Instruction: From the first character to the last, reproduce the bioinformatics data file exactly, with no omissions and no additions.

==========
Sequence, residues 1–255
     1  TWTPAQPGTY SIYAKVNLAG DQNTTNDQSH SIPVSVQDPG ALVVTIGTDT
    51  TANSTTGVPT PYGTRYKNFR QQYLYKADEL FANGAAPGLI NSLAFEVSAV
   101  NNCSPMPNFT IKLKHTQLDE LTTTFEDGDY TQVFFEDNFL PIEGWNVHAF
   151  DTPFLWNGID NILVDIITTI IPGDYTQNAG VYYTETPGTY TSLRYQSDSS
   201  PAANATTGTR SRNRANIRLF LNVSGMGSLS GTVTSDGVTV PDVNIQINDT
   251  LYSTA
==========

Sequence, residues 1–255
     1  TWTPAQPGTY SIYAKVNLAG DQNTTNDQSH SIPVSVQDPG ALVVTIGTDT
    51  TANSTTGVPT PYGTRYKNFR QQYLYKADEL FANGAAPGLI NSLAFEVSAV
   101  NNCSPMPNFT IKLKHTQLDE LTTTFEDGDY TQVFFEDNFL PIEGWNVHAF
   151  DTPFLWNGID NILVDIITTI IPGDYTQNAG VYYTETPGTY TSLRYQSDSS
   201  PAANATTGTR SRNRANIRLF LNVSGMGSLS GTVTSDGVTV PDVNIQINDT
   251  LYSTA